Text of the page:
Remembering Arthur Gelb

Arthur Gelb was a master builder, the Robert Moses of newspapering. His eyes danced when he told stories about dreaming up the multi-sectioned.
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Arthur Gelb was a master builder, the Robert Moses of newspapering.

His eyes danced when he told stories about dreaming up the multi-sectioned New York Times. His daring creativity helped save the newspaper at an earlier secular choke point that was every bit as life-threatening as the transition from print to digital happening now.

Arthur never got the news alert that newspapering was no longer the rollicking craft that greeted him when he became a copy boy in the 1940s with a newsroom filled with Damon Runyon (or at least Joseph Mitchell) characters and bookies. He captured this world brilliantly in his book City Room.

He got a tremendous kick when I was named Managing Editor, the job he had when he retired from the newsroom in 1989. He regularly called me with great story ideas and loved it when we broke a big one. "Ride that story!" he'd bellow. He believed that a good story had a thousand angles and that it was a sin to leave them unexplored.

Part of being his professional progeny involved meeting the most interesting people. Arthur introduced me to everyone, from Vanessa Redgrave to his pal Gay Talese. He was most excited about introducing me to Abe Rosenthal, the former executive editor who was his collaborator in creating the modern Times. Arthur set up lunch at the Four Seasons but the occasion fell flat when I asked Abe an irritating question about the Pentagon Papers. "You told me she was smart," Abe snapped. Arthur's face turned a little gray, but we roared over that one for years.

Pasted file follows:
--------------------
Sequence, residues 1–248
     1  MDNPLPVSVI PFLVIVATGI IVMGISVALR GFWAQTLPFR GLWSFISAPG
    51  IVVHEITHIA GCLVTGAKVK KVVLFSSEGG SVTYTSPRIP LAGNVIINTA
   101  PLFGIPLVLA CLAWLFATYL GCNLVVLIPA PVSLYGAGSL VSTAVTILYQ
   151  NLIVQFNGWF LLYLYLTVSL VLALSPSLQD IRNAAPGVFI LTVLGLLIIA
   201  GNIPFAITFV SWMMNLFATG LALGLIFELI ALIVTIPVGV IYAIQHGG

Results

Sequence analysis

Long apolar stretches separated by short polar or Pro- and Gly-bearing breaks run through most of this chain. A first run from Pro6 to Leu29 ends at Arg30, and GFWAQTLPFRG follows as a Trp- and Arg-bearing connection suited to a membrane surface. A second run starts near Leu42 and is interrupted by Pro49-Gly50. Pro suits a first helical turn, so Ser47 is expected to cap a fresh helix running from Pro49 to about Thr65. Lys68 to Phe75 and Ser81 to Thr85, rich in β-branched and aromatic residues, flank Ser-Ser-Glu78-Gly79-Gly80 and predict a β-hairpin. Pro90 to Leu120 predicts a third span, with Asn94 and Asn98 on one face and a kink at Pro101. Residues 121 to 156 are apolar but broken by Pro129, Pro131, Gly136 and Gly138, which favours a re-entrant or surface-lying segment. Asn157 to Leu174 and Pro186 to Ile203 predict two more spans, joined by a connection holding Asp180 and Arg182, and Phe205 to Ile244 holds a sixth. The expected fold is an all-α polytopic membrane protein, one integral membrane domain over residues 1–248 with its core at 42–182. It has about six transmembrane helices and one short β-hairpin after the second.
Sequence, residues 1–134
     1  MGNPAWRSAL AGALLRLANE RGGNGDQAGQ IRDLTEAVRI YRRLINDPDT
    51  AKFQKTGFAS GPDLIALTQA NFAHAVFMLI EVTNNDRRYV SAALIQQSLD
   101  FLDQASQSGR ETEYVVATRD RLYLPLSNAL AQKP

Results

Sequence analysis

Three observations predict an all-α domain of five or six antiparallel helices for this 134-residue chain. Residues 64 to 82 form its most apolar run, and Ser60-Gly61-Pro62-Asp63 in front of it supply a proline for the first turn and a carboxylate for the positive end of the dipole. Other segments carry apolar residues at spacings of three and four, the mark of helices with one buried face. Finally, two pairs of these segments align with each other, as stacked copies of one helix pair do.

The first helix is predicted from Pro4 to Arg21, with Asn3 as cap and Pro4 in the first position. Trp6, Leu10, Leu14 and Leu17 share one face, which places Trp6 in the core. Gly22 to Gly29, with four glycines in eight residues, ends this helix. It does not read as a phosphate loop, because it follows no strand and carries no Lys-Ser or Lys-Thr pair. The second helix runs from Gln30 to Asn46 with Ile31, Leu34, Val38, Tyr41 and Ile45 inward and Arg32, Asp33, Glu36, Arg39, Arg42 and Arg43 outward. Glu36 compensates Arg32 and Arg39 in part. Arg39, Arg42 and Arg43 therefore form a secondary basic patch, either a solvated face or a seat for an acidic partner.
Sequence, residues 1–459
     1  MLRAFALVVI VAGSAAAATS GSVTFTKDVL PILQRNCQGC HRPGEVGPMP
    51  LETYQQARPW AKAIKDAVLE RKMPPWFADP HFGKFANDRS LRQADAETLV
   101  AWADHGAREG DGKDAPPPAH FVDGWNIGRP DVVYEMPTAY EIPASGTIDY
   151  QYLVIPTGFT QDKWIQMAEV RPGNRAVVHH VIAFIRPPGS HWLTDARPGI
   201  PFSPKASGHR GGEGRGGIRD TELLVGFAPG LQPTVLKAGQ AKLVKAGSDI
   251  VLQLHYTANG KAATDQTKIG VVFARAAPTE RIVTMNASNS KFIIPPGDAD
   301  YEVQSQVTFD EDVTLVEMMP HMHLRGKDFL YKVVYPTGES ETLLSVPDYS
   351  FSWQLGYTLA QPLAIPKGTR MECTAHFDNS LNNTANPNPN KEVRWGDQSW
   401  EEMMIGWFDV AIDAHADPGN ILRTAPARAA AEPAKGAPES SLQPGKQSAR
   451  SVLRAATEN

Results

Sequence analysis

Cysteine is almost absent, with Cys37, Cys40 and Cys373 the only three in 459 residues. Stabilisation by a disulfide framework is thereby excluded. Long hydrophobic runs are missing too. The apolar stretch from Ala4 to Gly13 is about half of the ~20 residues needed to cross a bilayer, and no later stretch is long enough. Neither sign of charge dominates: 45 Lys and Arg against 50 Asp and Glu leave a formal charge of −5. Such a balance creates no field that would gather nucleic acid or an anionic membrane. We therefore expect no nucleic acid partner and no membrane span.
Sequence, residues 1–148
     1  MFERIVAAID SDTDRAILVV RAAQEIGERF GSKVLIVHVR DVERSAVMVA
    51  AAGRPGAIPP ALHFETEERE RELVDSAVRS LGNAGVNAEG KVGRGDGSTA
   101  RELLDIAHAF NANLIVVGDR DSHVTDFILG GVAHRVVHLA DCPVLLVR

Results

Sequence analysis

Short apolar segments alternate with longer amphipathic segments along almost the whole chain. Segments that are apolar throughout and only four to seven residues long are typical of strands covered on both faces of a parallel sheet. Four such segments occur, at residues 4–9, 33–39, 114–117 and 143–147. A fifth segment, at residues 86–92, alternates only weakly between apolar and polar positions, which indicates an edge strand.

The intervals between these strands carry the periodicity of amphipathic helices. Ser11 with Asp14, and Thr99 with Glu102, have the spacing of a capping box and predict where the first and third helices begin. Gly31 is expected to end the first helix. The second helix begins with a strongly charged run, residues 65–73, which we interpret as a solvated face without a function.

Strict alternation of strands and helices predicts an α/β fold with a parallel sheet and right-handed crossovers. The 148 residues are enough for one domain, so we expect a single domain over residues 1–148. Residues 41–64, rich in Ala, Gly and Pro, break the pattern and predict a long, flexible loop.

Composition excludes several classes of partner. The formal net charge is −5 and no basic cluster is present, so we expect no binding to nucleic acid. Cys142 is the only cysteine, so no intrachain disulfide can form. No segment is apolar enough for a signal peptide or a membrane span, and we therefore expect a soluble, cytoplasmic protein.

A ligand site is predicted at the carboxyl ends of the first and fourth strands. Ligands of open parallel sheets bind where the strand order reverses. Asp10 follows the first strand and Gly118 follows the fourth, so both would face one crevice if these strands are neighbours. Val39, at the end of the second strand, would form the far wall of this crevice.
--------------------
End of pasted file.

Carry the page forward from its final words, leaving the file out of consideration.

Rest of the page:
Maureen Dowd introduced me to Arthur shortly after I joined the Times in 1997. We sat at the upstairs bar at Sardi's for hours talking about everything. He reminded me of my own father, who dated showgirls and was once written up in Earl Wilson's column before the Army and my mother tamed him. Arthur and my dad were both bon vivants who milked life in New York City for maximum excitement. They got a kick out of things.

Maureen captured Arthur's heart in a special way. She was one of the talented kids Arthur discovered and brought to the Times, a cast that included Frank Rich, Michiko Kakutani and others. From 1997 to our last dinner in Lincoln Center last year, the topic that most interested and excited Arthur was Maureen. He was just bowled over by her talent and wanted me to be as protective of her as he had been, an impossible assignment.

During his last years at the Times, Arthur had a cozy den of an office near Maureen. It was the office of the Times Foundation, but it was really the shrink's office. When I knocked to say hello, invariably one of the most accomplished writers on the paper would be sitting with Arthur, getting the private counseling and encouragement that produced excellence.

Arthur and Wendy Wasserstein would take groups of students, mostly underprivileged ones, to theater. The students had won special Times scholarships (Arthur also headed the Times' fantastic scholarship program in its heyday). I was sometimes dubious that they would enjoy some of the experimental plays Arthur and Wendy picked. But Arthur would then regale me with stories about how a particular play inspired one of the students. He believed fervently in the theater's transporting power.

There was a night honoring Arthur a few years ago at the Gramercy Arts Club. Everyone who was anyone in the New York cultural world was there. Some of the guests were quite old. Arthur had goody bags for each of the guests that contained City Room and O'Neill: Life With Monte Cristo, the definitive biography of Eugene O'Neill he co-authored with his beloved wife, Barbara. The tomes were a weighty pair. At the end of the evening, everyone was teeter-tottering in the snow, weighted down by the books, broken wrists be damned. Because any words connected to Arthur Gelb were treasures.

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